# Geodesic equation: 2-d space-time

Reference: Moore, Thomas A., A General Relativity Workbook, University Science Books (2013) – Chapter 8; Problem 8.5.

This is an example of the geodesic equation in a 2-d space-time (with one time and one space dimension). The metric is given in a general way as

$\displaystyle ds^{2}=-dt^{2}+f^{2}\left(q\right)dq^{2} \ \ \ \ \ (1)$

where ${q}$ is the generalized spatial coordinate, and ${f}$ is an arbitrary function. The metric tensor is then

$\displaystyle g_{ij}=\left[\begin{array}{cc} -1 & 0\\ 0 & f^{2}\left(q\right) \end{array}\right] \ \ \ \ \ (2)$

Using the time component of the geodesic equation, we set ${a=t}$ in:

$\displaystyle \frac{d}{d\tau}\left(g_{aj}\frac{dx^{j}}{d\tau}\right)-\frac{1}{2}\partial_{a}g_{ij}\frac{dx^{i}}{d\tau}\frac{dx^{j}}{d\tau}=0 \ \ \ \ \ (3)$

We get

$\displaystyle -\frac{d^{2}t}{d\tau^{2}}=0 \ \ \ \ \ (4)$

From this we conclude that

$\displaystyle \frac{dt}{d\tau}=k \ \ \ \ \ (5)$

for some constant ${k}$.

Using the condition ${\mathbf{u}\cdot\mathbf{u}=-1}$ we get

 $\displaystyle g_{ij}\frac{dx^{i}}{d\tau}\frac{dx^{j}}{d\tau}$ $\displaystyle =$ $\displaystyle -\left(\frac{dt}{d\tau}\right)^{2}+f^{2}\left(\frac{dq}{d\tau}\right)^{2}\ \ \ \ \ (6)$ $\displaystyle$ $\displaystyle =$ $\displaystyle -k^{2}+f^{2}\left(\frac{dq}{d\tau}\right)^{2}\ \ \ \ \ (7)$ $\displaystyle$ $\displaystyle =$ $\displaystyle -1\ \ \ \ \ (8)$ $\displaystyle \frac{dq}{d\tau}$ $\displaystyle =$ $\displaystyle \pm\frac{1}{f}\sqrt{\left(k^{2}-1\right)} \ \ \ \ \ (9)$

We can write this in terms of ${dq/dt}$:

 $\displaystyle \frac{dq}{d\tau}$ $\displaystyle =$ $\displaystyle \frac{dq}{dt}\frac{dt}{d\tau}\ \ \ \ \ (10)$ $\displaystyle$ $\displaystyle =$ $\displaystyle k\frac{dq}{dt}\ \ \ \ \ (11)$ $\displaystyle \frac{dq}{dt}$ $\displaystyle =$ $\displaystyle \pm\frac{1}{f\left(q\right)}\sqrt{\left(1-\frac{1}{k^{2}}\right)} \ \ \ \ \ (12)$

That is, the geodesic is the solution of this differential equation.

If we define a new coordinate system in which ${t^{\prime}=t}$ and ${q^{\prime}\equiv F\left(q\right)}$ is the antiderivative (integral) of ${f\left(q\right)}$ then we can transform the metric tensor to this new coordinate system using the standard transformation formula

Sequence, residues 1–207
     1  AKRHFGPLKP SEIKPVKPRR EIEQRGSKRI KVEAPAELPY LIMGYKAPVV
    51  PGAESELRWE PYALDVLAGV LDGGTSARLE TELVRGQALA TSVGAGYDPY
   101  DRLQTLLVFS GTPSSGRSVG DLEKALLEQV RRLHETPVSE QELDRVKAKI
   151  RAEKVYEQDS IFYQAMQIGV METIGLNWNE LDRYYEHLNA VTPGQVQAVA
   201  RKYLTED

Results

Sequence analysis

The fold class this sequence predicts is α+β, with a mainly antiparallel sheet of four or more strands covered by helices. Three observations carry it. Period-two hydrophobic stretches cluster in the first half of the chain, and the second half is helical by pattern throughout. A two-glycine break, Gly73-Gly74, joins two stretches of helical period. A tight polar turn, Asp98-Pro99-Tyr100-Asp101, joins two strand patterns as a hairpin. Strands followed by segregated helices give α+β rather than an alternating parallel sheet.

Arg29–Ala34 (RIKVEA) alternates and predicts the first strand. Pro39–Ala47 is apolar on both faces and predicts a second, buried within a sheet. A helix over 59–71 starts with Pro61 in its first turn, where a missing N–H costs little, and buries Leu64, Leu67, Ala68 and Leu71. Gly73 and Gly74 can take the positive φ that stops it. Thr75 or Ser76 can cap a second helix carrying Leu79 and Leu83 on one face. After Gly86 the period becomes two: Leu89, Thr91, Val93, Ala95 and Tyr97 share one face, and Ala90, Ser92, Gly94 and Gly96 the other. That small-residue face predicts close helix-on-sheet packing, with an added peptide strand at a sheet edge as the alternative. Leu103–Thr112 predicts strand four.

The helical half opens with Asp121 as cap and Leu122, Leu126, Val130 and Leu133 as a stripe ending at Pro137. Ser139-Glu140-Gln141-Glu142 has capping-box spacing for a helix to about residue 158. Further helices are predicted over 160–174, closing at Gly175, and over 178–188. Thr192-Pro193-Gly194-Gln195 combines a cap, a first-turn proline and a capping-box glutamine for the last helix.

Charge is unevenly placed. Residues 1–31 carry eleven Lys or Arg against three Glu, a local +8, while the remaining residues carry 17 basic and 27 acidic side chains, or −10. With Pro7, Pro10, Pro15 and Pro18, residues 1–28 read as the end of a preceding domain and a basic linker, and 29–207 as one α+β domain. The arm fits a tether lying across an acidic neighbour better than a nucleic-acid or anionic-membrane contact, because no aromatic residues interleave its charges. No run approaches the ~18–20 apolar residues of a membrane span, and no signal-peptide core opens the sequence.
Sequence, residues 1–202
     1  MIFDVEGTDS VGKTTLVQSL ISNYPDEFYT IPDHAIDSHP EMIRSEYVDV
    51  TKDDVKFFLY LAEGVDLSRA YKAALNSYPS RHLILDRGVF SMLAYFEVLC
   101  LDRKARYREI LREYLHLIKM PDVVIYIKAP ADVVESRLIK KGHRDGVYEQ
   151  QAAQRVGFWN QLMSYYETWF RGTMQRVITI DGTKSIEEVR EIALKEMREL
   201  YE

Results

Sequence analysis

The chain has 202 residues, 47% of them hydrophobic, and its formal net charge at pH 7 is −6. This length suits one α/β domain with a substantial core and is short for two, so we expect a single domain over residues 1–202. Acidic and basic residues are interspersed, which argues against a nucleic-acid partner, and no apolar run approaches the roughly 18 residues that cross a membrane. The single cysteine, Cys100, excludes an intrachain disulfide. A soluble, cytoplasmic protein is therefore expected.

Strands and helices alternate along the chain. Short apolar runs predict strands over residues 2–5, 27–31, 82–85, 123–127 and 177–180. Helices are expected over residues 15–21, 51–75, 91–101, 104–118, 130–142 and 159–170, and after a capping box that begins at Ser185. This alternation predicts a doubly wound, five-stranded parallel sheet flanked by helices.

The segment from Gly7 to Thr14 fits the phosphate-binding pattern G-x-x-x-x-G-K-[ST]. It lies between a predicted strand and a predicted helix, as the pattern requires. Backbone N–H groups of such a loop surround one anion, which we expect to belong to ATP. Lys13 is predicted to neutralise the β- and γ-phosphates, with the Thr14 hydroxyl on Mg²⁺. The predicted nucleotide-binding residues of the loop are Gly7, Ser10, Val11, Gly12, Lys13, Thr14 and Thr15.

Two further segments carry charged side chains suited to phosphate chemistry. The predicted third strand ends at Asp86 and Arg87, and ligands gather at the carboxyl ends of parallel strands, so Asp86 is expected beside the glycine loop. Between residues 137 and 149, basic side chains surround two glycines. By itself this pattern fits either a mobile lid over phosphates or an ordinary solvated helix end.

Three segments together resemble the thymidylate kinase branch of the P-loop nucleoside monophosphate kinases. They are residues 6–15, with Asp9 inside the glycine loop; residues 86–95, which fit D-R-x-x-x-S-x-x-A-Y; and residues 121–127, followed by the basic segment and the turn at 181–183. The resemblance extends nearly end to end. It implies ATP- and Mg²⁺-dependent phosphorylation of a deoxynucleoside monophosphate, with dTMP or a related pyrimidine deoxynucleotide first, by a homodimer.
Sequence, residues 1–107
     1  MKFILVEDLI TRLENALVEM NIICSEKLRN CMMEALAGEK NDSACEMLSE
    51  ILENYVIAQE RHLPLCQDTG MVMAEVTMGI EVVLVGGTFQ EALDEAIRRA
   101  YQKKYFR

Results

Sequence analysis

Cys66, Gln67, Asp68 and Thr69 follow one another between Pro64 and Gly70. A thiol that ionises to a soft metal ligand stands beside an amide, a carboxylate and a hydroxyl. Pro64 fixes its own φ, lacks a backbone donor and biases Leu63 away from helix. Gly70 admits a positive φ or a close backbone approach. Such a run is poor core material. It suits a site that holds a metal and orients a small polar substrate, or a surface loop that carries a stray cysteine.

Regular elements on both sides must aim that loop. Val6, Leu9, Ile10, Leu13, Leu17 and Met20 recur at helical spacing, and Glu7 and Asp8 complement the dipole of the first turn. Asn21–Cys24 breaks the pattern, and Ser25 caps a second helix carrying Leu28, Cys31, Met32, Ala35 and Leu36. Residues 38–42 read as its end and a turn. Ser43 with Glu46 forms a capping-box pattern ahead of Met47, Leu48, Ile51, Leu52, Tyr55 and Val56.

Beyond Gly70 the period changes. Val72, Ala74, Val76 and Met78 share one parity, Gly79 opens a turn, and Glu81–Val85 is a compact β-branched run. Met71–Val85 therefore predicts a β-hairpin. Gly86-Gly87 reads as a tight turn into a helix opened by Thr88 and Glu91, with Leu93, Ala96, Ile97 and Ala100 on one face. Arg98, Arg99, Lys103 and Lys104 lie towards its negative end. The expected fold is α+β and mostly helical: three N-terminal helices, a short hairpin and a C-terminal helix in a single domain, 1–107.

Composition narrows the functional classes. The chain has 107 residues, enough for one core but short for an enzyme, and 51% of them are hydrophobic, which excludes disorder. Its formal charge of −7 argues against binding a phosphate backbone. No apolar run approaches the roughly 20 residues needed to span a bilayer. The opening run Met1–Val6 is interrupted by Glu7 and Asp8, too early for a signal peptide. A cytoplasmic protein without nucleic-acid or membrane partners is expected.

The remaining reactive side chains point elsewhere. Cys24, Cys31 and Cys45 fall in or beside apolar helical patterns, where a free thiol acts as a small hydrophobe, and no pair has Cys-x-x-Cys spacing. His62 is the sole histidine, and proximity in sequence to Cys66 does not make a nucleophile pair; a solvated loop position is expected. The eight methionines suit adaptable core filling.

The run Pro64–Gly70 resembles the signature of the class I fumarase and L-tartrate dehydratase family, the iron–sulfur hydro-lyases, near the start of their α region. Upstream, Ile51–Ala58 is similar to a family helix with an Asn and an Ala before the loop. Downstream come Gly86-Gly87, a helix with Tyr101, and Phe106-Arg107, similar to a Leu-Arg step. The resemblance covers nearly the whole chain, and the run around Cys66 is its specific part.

$\displaystyle g_{ij}^{\prime}=\frac{\partial x^{k}}{\partial x^{\prime i}}\frac{\partial x^{l}}{\partial x^{\prime j}}g_{kl} \ \ \ \ \ (13)$

By implicit differentiation:

 $\displaystyle \frac{\partial q^{\prime}}{\partial q^{\prime}}$ $\displaystyle =$ $\displaystyle \frac{\partial F}{\partial q}\frac{\partial q}{\partial q^{\prime}}+\frac{\partial F}{\partial t}\frac{\partial t}{\partial q^{\prime}}\ \ \ \ \ (14)$ $\displaystyle 1$ $\displaystyle =$ $\displaystyle f\left(q\right)\frac{\partial q}{\partial q^{\prime}}+0\ \ \ \ \ (15)$ $\displaystyle \frac{\partial q}{\partial q^{\prime}}$ $\displaystyle =$ $\displaystyle \frac{1}{f\left(q\right)} \ \ \ \ \ (16)$

The only other non-zero derivative is

$\displaystyle \frac{\partial t}{\partial t^{\prime}}=1 \ \ \ \ \ (17)$

The new metric is therefore

$\displaystyle g_{ij}^{\prime}=\left[\begin{array}{cc} -1\left(\frac{\partial t}{\partial t^{\prime}}\right)^{2} & 0\\ 0 & f^{2}\left(q\right)\left(\frac{\partial q}{\partial q^{\prime}}\right)^{2} \end{array}\right]=\left[\begin{array}{cc} -1 & 0\\ 0 & 1 \end{array}\right] \ \ \ \ \ (18)$

This is the metric of flat space-time in rectangular coordinates. Thus any metric with ${g_{tt}=-1}$ represents flat space-time, since ${f\left(q\right)}$ is just a transformation of the flat metric using different coordinates.